Review: COMMUNITY S5 EP01 & 02, REPILOT Proves You Can Go Home Again

Ben Umstead, East Coast Editor
There's probably a good three to five paragraphs I could spend clumsily wading through the history of Community, with it's ups and downs, successes and pitfalls. But if you're reading this review that means you're most likely a fan; a survivor of that history, and so you know it by heart and it's been uplifting and disheartening. So let's just get to it...

Season 5 is here. Creator Dan Harmon is back in the showrunner chair writing the wrongs of season 4, and quite possibly addressing the more off-the-rail moments of his own initial run.

NBC debuted the first two episodes back to back tonight and rather than writing two full reviews, I'm gonna summarize both, then let the eps play off of each other a little bit.

First up was "Repilot", Harmon's nod to the trials and tribulations behind the scenes, which now after 4 years with this show, all ties in nicely to what we get on screen. After an unsuccessful stint as a "good guy" lawyer, Jeff is offered by his old partner/nemesis Alan (Rob Corddry) an opportunity to take down Greendale. Alan is defending the engineer of a bridge that collapsed upstate... an engineer who just so happened to get his degree at Greendale (his thesis was a poorly constructed bridge made out of LEGO bricks). Jeff's job is to coerce the school to give up the engineer's student records, and well, it's a prime moment for Jeff to evaluate his past lives, especially when Abed calls in the old gang (minus Pierce of course) (thought we do see Chevy Chase as a hologram).

It's a morally dark place to start off at, but perfectly plays to Jeff's (as well as Harmon's) fears of inadequacy and of his actual abilities. It puts a lot of emphasis on Greendale being a terrible place, perhaps it's most straight up cynical take on it yet, and one can feel how Harmon and his team are working through their own frustrations at trying to surmise something that they clearly love, but also something that they don't really know if it's worth holding onto anymore. All this is put forth when Jeff states that Greendale made the study group worse off than they were when they began, which is brilliantly distilled in the line "When we arrived here we were real people and we were then twisted into cartoon characters." This gets a cherry on top by the Britta-centered followup: "You were the free radical anarchist who became the group's airhead." So where are they now? Shirley put all her time into Shirley's Sandwiches and lost Andre and the kids because of it. Annie works for a big Pharma company. Britta is a bartender (the modern psychiatrist). While Troy plans on suing Abed once his new social media app is ready.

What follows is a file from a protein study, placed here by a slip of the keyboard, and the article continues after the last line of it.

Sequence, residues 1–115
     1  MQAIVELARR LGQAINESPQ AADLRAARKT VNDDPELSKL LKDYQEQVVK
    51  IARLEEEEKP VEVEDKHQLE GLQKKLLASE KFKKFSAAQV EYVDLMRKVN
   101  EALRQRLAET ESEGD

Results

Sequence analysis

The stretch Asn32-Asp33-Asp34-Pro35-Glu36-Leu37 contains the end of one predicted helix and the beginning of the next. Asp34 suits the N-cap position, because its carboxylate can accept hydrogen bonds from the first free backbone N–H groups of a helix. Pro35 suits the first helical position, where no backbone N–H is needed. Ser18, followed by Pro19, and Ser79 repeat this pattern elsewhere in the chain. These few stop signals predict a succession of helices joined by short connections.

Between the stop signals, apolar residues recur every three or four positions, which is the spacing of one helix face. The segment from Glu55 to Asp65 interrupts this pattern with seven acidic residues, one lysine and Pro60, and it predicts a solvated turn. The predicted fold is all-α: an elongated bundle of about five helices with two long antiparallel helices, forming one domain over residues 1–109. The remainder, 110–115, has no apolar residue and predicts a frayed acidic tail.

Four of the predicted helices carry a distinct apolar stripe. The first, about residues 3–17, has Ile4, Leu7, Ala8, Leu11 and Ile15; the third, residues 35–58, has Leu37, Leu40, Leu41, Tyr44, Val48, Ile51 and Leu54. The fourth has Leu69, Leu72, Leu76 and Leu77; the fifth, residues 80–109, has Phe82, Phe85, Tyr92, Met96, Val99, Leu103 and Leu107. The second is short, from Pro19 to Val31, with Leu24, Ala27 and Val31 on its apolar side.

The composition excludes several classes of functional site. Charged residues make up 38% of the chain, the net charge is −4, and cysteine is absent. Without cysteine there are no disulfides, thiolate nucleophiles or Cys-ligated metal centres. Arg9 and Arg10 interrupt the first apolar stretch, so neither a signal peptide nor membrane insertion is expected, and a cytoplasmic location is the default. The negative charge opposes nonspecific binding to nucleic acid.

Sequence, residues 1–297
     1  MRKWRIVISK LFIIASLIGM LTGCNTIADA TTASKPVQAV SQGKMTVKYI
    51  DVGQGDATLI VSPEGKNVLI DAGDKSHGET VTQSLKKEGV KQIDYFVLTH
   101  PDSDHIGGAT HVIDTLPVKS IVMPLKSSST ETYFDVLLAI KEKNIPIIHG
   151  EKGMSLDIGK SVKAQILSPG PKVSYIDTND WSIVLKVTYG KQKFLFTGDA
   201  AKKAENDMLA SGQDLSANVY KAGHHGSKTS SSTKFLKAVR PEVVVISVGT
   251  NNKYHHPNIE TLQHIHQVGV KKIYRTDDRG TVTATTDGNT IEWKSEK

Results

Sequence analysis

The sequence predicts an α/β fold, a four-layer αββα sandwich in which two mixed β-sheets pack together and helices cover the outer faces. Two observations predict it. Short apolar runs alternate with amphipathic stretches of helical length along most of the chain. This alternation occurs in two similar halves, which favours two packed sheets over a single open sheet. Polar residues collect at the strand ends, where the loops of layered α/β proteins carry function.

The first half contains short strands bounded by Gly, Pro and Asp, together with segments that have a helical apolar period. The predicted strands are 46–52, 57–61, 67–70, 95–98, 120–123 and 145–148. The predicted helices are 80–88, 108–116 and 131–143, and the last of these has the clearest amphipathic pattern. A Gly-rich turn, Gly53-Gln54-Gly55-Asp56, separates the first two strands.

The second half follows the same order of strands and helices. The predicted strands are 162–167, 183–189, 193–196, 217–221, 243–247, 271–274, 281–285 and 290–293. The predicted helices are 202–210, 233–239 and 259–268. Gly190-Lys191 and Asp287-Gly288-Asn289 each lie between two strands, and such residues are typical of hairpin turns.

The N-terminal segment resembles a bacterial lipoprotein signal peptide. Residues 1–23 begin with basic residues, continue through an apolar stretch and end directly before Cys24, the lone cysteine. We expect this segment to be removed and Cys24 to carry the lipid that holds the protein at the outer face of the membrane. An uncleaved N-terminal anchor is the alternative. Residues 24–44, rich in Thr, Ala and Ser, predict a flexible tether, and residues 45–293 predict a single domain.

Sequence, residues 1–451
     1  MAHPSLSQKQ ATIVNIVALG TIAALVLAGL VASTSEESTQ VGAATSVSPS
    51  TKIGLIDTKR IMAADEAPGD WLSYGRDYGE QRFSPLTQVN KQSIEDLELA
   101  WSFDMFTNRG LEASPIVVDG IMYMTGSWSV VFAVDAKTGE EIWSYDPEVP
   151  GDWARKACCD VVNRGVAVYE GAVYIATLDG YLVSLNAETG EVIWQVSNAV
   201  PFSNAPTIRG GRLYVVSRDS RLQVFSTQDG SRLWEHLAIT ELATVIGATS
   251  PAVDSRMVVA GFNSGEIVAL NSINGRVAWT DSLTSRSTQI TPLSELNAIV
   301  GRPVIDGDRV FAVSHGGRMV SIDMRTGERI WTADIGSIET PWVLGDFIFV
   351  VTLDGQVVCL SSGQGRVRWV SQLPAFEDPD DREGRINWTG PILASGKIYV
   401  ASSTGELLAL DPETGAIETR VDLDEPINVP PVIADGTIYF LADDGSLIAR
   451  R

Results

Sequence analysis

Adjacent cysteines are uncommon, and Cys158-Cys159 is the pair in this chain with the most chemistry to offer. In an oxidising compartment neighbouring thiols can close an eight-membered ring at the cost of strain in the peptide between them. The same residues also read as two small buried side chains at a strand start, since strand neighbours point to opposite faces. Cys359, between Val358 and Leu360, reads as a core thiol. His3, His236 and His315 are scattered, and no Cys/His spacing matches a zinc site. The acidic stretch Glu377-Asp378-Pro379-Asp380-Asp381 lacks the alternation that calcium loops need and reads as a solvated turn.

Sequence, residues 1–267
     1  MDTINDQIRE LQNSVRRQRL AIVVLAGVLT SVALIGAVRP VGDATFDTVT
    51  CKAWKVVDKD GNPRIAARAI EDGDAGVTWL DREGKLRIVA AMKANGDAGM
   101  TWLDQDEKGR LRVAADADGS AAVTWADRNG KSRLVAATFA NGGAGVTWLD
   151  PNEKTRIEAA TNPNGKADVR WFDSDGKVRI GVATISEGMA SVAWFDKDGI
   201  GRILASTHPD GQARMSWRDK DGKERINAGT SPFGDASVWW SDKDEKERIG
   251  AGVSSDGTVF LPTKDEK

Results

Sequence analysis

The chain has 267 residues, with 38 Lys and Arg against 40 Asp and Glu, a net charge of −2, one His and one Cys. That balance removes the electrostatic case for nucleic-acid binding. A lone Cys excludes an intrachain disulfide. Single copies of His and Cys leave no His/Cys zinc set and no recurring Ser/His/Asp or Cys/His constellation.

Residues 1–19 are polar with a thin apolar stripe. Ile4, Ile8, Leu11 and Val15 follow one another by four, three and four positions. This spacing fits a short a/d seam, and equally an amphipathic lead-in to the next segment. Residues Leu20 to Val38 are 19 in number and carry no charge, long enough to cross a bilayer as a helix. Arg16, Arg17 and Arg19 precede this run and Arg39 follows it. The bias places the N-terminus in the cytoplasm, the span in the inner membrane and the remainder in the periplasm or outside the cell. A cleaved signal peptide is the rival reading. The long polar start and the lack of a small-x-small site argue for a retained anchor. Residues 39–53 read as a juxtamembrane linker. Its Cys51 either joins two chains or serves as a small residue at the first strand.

Jeff's initial goal is to get the group to turn against Greendale by testifying against the school, but the tables are turned when they decided to re enroll and get their lives back on track, which eventually leads to Jeff admitting he's broke, deflated and so might as well sign up as a teacher.

"Introduction To Teaching" brings in Jonathan Banks as Greendale's Criminology professor, Buzz Hicky, and Jeff's guide into the very different world of a Greendale teacher. Or well, not so much. The main lesson of this episode comes to a head when Jeff tries and sort of succeeds in proving that Greendale is a unifying place. Losers are on both sides of the student/teacher line, even if the students revolt in perfectly crazy Greendale fashion. It's a much lighter episode with the resident silly subplot, which brings back Kevin Corrigan's wonderfully bizarre Professor Sean Garrity... this time with his class "Nicholas Cage: Good or Bad". It calls back to the "Who's The Boss" class, which led to that professor breaking down because of Abed's conclusions on Angela and Tony. This time (of course) Abed is the one who breaks down. And how sweet it is to all be brought on by watching Nicolas Cage movies (Danny Pudi's Cage-esque wiggling and such was excellent). And while we may have needed a beat or two more, Abed's conclusions about needing to let movies go for the way they limit his worldview is a great seed to plant for his own growth, especially in the face of Donald Glover's departure.

As both eps go the first honed right in on Jeff's dilemma, sidelining the group outside of the way Jeff would or would not manipulate them. The second gets going full tilt with Banks being dutifully cranky (and also being very, very mean to an earring wearing Leonard), pitting teachers against students... plus the Dean learns Excel!

All in all we're off to a good start for a show that probably shouldn't be around anymore, but is. A bit of a reboot makes sense, but unlike last season's changes, these feel more in line with... well how much this show does change. And often. Community is a chameleon; one whose defining feature is not the wacky homages or bizarre meta bits, but the fact that it wears its weary heart on its sleeve. I'm glad Community is back in some form. This version made me laugh quite a bit and that's what counts most in a good sitcom. Community is a good sitcom. And we've got at least twelve more weeks of it.
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  • ColinJ

    I also have to add that I'm a little disappointed that they have put Alison Brie in pants.

    I think we all agree that Annie Edison belongs in those crisp short skirts, thank you very much.

  • ColinJ

    This episode had me at Annie's first sing-song "Awwwwww!"

    Yes, I know I'm a whore but I'm helpless in the face of the glory that is Annie Edison.

  • benu

    Up vote for sure. The more I think about it, the more I am feeling very good about all this. Wish NBC/Sony would send screeners because that would seriously help with the review timing/process.

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